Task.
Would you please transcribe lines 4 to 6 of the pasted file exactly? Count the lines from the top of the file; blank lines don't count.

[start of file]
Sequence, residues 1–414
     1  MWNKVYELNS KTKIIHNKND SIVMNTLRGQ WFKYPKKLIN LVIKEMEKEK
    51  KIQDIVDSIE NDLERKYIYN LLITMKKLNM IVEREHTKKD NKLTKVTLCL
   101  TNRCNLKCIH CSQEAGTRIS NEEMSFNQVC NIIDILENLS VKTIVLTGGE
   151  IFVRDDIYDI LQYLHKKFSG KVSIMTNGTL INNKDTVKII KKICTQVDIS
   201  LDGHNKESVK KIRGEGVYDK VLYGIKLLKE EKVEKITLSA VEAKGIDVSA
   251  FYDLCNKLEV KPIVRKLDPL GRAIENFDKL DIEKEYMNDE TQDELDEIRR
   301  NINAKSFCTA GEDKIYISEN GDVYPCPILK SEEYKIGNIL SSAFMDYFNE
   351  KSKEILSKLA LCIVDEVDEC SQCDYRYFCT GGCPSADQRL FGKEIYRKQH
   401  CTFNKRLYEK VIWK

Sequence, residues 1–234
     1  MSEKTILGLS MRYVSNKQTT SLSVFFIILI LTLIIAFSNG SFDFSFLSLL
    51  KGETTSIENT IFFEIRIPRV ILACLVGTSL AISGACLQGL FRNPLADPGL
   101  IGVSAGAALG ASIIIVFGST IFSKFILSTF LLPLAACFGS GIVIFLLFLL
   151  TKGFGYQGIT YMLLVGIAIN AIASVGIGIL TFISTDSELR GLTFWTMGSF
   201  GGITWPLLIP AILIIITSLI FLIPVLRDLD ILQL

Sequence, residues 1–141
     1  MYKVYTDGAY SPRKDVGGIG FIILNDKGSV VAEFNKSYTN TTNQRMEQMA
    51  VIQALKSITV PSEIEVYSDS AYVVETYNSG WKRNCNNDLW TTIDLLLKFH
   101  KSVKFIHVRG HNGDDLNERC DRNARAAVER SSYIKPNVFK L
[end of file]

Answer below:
   101  TNRCNLKCIH CSQEAGTRIS NEEMSFNQVC NIIDILENLS VKTIVLTGGE
   151  IFVRDDIYDI LQYLHKKFSG KVSIMTNGTL INNKDTVKII KKICTQVDIS
   201  LDGHNKESVK KIRGEGVYDK VLYGIKLLKE EKVEKITLSA VEAKGIDVSA